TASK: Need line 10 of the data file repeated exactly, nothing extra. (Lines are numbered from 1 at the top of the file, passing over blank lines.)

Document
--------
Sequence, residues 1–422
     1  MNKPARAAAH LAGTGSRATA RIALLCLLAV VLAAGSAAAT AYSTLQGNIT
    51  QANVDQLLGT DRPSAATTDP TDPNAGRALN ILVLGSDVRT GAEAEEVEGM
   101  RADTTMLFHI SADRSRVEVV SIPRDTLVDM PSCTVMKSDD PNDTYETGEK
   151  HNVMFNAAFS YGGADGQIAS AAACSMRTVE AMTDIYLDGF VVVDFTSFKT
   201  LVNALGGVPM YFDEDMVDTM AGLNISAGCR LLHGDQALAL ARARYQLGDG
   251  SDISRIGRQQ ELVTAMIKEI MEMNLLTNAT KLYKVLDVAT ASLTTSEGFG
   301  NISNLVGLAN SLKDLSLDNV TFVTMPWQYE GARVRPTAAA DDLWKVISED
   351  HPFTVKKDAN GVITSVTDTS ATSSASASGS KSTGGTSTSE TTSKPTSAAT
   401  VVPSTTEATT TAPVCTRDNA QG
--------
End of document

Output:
   401  VVPSTTEATT TAPVCTRDNA QG